Tobacco. It’s the last thing a mother wants her children to indulge in and the first thing a wife wants her man to quit. The doctor, the teacher, the colleague and the state, all bark in unison when hit with a whiff of tobacco smoke.
As a result, smokers are officially a dying breed now. And while there are plenty of hearts that bleed for other endangered species, smokers don’t get a sliver of public sympathy. Even the distant and unsightly man’s cousins – the mountain gorilla – has an international conservation project working in its name. But no one speaks for smokers. Not even smokers.
Species are threatened with extinction when their natural habitat is taken away from them. In Pakistan, the newsroom used to be the regular digs of smokers, while in the free world it was the friendly neighbourhood pub. Just a few years ago it was impossible to imagine that ale and beer could be enjoyed and quality media content could be produced, without smoking. Both places have been declared out of bounds for smokers by the nazi-like champions of a smoke-free world who are totally blind to the dreadful consequences of their actions.
Chased away from their word processors and lagers, smokers are now seen puffing away in the parking lots of media houses and pubs on their way to extinction. Decent and honest men and women made to stand in rain and snow as a punishment for consuming a perfectly legal commodity, is a blot on the conscience of humanity and a shameful departure from the scriptures of holy capitalism according to which demand is to be met with supply, not scorn. If the emotional trauma of the persecuted community is not enough proof that the law makers got the wrong end of the stick, consider the economic cost.
A 2009 study published by Forbes concluded that a smoking ban lowers the market value of the hospitality industry. More aptly, the English who enjoy a constitutional right to have a pub at walking distance from their home and work place have seen several public houses close down since the smoking ban in 2006. In Pakistan, the news media has suffered a similar fate: all media houses, public and private, are running in so much loss since they banned smoking that they can’t even pay the staff their salaries on time. In banning cigarette smoke, these establishments also banished talent and professionalism. Any opinion poll will make it plain that consumers find a majority of post-ban media personalities extremely boring and a pain in the lower back.
Of course every non-smoker has the right not to be fed second hand smoke, if they don’t like it. But saving the non-smoker doesn’t have to mean killing the smoker. Technology has answers for everything. Why do you think manufacturers make huge extractors that quietly suck the dense air out of a room? So that people in the hallway, or the next room are not offended by smoke. There are decent places in today’s world – there was one in Islamabad back in the 80s – that provide separate areas for smokers and non-smokers. Both enjoy the environment they like and everyone is happy.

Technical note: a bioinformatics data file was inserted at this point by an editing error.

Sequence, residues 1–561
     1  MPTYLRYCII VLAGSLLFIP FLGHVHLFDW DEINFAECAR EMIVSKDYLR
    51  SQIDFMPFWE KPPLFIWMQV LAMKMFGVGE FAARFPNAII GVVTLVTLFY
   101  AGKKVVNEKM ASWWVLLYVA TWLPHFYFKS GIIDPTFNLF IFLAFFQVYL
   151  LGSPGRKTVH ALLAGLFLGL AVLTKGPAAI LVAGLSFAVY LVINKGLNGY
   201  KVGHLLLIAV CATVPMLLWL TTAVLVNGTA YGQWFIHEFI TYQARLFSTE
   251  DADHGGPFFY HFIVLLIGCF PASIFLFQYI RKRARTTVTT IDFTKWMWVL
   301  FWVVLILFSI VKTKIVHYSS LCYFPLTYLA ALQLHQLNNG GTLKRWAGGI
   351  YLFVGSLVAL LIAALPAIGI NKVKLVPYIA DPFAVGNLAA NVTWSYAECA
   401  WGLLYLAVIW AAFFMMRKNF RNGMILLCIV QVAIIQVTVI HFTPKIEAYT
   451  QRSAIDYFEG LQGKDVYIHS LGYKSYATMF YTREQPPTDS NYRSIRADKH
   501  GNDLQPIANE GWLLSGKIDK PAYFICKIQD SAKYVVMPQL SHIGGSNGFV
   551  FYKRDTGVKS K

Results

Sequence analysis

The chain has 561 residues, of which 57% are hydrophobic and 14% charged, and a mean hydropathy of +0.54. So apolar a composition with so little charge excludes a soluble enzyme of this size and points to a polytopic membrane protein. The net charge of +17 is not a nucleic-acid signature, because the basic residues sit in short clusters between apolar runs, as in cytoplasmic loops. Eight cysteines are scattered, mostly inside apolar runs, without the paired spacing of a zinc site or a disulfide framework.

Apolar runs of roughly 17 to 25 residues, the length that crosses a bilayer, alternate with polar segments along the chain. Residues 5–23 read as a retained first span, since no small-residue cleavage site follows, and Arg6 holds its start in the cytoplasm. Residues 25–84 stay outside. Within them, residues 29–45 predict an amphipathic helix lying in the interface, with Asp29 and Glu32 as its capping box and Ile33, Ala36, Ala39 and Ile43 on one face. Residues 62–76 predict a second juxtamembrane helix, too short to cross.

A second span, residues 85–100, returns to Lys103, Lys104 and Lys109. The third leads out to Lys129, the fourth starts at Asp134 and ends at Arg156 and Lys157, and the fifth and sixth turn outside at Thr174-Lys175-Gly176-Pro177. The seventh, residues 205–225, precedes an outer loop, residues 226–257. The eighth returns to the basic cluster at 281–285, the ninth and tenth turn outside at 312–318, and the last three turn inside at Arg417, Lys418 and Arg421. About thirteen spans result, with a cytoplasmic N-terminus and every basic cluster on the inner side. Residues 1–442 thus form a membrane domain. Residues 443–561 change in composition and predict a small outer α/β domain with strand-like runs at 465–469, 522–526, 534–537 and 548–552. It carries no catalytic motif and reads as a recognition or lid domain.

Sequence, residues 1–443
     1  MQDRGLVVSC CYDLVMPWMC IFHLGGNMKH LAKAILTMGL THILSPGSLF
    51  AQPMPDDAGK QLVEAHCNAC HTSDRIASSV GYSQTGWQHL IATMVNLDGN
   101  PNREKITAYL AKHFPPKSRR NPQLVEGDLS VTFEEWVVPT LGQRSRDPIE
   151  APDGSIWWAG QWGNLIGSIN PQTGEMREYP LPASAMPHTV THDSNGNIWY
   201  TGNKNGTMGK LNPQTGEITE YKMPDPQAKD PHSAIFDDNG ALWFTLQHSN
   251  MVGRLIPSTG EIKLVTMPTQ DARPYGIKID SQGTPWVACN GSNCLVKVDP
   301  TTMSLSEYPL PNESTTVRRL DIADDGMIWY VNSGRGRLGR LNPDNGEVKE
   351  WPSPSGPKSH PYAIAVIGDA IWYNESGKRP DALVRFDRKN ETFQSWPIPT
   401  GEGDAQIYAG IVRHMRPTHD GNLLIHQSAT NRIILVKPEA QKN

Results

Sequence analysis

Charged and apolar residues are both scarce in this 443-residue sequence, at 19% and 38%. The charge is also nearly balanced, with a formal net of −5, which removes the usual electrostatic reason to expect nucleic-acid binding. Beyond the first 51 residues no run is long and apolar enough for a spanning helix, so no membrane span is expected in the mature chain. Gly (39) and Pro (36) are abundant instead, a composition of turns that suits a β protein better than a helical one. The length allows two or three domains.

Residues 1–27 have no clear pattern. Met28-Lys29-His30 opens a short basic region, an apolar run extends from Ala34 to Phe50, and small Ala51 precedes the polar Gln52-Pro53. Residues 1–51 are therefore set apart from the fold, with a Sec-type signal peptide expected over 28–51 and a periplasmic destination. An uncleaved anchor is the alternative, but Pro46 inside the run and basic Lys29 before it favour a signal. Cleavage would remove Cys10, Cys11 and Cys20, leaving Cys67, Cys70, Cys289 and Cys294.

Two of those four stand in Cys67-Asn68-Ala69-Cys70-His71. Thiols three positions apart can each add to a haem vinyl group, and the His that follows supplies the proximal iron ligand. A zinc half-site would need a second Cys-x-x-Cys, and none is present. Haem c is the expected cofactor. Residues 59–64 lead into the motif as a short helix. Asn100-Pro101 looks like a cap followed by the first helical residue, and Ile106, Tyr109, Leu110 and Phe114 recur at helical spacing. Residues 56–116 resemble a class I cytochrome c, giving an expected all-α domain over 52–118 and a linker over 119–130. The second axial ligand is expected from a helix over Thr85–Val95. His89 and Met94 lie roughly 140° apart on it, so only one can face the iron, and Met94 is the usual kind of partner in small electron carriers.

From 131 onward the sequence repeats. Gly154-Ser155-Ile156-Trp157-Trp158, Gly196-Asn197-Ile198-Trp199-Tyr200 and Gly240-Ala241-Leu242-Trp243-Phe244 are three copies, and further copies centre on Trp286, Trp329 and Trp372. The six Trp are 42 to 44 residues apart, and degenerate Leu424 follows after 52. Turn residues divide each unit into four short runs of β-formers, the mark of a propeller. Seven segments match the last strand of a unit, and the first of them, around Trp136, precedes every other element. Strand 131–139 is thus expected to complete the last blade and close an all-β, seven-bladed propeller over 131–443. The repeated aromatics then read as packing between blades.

A smoking ban is also a dodgy business in legal and ethical terms. A government taxes the manufacturer, distributor, and seller of tobacco products, then taxes the individual who buys tobacco, and then tells them they can’t light up in public! If this is not a blatant violation of basic human rights, one wonders what is.
To be fair, this criticism does not apply to the Pakistani government.
As a rule, Pakistan enacts laws not because they are needed but because our lawmakers find it more convenient to pick a law from the West and replicate it here in order to feel closer to the West. And they are usually out of time in this pursuit. Take for instance the use of cannabis, which has been a part of the Eastern culture for centuries. Till late 70s Pakistan was a larger and more organised version of Amsterdam in that there were licensed shops called ‘theka’ that sold opium, cannabis and other soft drugs. Then some smart fellow felt ashamed of his native tradition and followed the West into banning all ‘drugs’ soft or hard, natural or chemically altered. And guess what, that was the time the West was coming to realise that soft drugs do no harm, some even have medicinal benefits.
Ditto with the smoking ban. But while the government does come out with anti-smoking laws every now and then, thankfully they are only laws, not something that needs to be implemented, though the government doesn’t mind if some fancy organisation or two voluntarily adopt the ban. Half a dozen cigarette stubs found in every cup of tea cleared by the peon in every government office, every day, is testimony to the wisdom of our lawmakers who have placated the demands of international anti-smoking nazis without infringing on personal freedoms of native smokers.
What it can be blamed for though, is bad taste, atrocious taste to be precise, in putting pictures of damaged human organs on packs of cigarettes. It’s quite an irony that the bleeding heart conservationists are urging African gorillas to procreate more frequently, I imagine, by showing them erotic pictures, while the equally endangered smokers in Pakistan are being made to carry medical pornography in their pockets at all times, in order to hasten their extinction.
That’s naked cruelty. Such is the contrary nature of this world that the developed countries have outlawed cruelty against animals and the unwilling-to-develop states fund charities that promote animal rights, even plant rights, but neither is ready to acknowledge smokers as humans, and the right of choice to smoke as an adult human right.
The views expressed by this blogger and in the following reader comments do not necessarily reflect the views and policies of the Dawn Media Group.